Menu
News

Dairy farmer takes on new board role

ON THE BOARD: Glenore Grove dairy farmer Luke Stock is the new Subtropical Dairy Program Deputy Chairman.
ON THE BOARD: Glenore Grove dairy farmer Luke Stock is the new Subtropical Dairy Program Deputy Chairman. Ali Kuchel

GLENORE Grove dairy farmer Luke Stock has been appointed deputy chairman of the Subtropical Dairy Program.

Having been on the board for the past three years, Mr Stock said it was "very humbling" to be appointed to the deputy chair position.

"Particularly when you're appointed by your peers or fellow board members, (it's) something that I don't take lightly and comes across with a lot of responsibility," Mr Stock said.

Subtropical Dairy is one of eight regional development programs across Australia, with the Subtropical branch being by far the largest, running from Kempsey on the mid-north coast of New South Wales through to the Atherton Tablelands.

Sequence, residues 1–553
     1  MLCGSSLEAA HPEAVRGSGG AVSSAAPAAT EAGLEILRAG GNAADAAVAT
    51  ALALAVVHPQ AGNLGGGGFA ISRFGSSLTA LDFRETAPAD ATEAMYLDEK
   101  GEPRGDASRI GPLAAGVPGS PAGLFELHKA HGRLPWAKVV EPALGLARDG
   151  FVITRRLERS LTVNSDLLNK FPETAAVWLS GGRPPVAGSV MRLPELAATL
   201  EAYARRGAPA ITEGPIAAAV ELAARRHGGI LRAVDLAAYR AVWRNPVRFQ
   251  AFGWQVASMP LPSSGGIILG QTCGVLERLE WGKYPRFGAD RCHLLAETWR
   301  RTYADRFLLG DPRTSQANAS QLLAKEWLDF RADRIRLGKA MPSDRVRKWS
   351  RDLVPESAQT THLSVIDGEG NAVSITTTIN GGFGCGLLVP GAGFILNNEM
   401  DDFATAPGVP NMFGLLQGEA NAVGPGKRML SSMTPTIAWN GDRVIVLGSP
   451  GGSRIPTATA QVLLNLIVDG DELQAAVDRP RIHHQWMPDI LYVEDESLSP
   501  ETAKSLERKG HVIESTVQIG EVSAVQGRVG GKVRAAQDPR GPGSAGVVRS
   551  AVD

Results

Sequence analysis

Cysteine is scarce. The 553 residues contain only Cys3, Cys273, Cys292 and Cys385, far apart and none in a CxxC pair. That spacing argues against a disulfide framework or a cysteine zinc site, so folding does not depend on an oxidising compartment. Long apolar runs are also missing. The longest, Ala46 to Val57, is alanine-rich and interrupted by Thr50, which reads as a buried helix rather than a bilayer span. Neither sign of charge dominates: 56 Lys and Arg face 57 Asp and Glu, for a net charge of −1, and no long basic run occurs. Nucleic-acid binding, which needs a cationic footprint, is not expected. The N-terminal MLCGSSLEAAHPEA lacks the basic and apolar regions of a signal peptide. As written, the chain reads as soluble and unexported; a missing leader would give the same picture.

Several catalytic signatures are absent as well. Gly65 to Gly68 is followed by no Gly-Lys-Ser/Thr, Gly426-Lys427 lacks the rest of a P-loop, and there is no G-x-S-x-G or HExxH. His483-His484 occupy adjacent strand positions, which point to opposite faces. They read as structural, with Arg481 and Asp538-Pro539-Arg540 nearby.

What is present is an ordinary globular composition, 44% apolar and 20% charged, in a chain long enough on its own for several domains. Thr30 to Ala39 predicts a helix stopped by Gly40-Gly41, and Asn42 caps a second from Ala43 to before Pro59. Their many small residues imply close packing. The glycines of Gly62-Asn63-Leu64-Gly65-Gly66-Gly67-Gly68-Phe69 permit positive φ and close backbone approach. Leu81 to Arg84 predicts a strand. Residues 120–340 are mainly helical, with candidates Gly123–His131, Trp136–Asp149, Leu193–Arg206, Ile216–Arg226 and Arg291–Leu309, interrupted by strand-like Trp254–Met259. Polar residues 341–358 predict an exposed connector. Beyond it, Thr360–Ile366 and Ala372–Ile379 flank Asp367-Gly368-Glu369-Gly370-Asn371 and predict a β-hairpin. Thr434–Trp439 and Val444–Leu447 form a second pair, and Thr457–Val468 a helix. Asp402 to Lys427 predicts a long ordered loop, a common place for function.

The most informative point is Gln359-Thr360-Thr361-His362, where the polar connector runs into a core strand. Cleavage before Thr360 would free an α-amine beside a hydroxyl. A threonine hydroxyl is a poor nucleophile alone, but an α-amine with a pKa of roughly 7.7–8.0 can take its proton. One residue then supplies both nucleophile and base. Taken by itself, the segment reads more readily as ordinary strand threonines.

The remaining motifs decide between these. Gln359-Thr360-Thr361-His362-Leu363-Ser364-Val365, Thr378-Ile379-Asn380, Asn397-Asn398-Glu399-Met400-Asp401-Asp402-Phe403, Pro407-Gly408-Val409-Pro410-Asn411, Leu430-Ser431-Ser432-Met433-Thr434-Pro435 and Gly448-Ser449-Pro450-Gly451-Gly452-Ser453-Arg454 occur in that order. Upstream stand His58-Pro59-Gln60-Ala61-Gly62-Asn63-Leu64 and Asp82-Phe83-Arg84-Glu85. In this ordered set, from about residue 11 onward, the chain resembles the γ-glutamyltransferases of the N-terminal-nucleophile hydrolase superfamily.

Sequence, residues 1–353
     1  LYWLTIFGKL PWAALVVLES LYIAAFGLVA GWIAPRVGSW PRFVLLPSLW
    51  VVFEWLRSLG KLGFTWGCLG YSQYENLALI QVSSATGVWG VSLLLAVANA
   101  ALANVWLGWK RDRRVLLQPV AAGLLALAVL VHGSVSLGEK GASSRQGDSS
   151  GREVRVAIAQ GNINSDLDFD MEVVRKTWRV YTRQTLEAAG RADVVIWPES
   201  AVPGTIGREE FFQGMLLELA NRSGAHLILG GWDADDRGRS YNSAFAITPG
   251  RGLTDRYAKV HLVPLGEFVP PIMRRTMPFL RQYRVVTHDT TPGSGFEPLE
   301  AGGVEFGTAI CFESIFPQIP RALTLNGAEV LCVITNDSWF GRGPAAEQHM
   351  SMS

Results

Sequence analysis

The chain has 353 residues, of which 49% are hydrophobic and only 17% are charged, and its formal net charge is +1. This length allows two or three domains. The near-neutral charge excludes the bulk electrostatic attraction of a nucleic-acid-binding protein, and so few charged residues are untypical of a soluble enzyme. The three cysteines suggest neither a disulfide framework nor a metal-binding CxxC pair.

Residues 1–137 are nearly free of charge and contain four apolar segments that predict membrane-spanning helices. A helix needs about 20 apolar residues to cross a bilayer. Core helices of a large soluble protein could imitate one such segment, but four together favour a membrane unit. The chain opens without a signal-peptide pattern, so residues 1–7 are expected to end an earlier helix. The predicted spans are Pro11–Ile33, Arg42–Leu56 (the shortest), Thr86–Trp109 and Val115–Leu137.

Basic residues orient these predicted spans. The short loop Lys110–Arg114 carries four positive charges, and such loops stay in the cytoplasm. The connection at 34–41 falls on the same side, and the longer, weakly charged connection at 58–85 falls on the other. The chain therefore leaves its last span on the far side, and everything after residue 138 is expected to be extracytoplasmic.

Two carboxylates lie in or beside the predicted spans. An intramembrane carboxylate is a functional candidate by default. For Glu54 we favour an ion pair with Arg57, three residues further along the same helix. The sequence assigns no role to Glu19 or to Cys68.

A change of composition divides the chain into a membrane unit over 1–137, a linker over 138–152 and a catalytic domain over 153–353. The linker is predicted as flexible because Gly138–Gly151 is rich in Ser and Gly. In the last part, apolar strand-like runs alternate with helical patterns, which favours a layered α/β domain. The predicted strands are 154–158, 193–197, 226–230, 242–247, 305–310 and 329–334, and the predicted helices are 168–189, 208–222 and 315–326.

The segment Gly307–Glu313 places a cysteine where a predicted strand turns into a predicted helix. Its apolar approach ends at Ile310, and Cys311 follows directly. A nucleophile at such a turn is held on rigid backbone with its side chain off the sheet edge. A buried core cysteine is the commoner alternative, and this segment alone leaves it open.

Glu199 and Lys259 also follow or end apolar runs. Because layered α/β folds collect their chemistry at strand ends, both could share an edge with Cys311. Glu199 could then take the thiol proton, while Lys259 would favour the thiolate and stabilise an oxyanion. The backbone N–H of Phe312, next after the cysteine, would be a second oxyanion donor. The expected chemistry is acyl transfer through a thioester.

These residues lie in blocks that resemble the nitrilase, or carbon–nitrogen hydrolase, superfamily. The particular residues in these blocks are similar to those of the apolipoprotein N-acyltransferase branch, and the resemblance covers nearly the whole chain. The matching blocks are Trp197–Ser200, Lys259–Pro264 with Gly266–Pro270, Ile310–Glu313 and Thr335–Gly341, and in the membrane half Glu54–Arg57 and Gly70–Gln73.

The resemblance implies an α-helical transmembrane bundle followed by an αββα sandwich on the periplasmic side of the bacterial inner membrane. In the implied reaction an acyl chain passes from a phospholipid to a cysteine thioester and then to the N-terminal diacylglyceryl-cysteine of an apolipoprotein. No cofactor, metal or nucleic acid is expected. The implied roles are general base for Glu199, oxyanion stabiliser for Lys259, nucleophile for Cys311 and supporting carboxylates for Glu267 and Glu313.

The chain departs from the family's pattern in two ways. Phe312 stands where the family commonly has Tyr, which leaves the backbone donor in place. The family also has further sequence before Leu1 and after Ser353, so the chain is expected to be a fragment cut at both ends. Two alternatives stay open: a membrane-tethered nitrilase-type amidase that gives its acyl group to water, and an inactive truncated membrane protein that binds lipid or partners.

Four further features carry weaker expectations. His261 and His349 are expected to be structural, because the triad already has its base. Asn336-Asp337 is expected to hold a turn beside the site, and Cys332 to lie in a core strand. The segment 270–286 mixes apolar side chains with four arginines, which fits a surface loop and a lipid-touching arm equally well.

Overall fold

The region is almost the size of New Zealand.

Mr Stock said being on the board enabled him to make decisions at "grassroots" level, which would have a real impact for dairy farmers.

"For instance, this year Subtropical Dairy delivered 100 events to over 1600 participants and delivered 17 projects valued in excess of $900,000," he said.

"The responsibility to make the correct decisions that may have an impact on your peers is quite large."

After seven years on the board, Ross McInness stepped down as the chairman of the program.

Harrisville farmer Paul Roderick was elected as the new chairman.

Darling Downs farmer Rachael Parkes was appointed as interim director.

As well as being the new deputy chair, Mr Stock also sits on a number of other sub-committees, directly under the board, including the small projects committee, the sub-regional group committee and chairs the Natural Resources Management Committee.

Mr Stock said dairy farming was a close-knit community, with farmers always there to help each other out.

"It's not every man for himself and that is why we keep doing what we do," he said.

In 2000 there were 1500 dairy farms across Queensland, today, there are 430 left in operation.

"Despite this fact, milk production remains

 

roughly the same," Mr Stock said.

"We've seen hundreds of family farms and therefore jobs lost within the industry."

Topics:  dairy farming glenore grove lockyer valley milk


Stay Connected

Update your news preferences and get the latest news delivered to your inbox.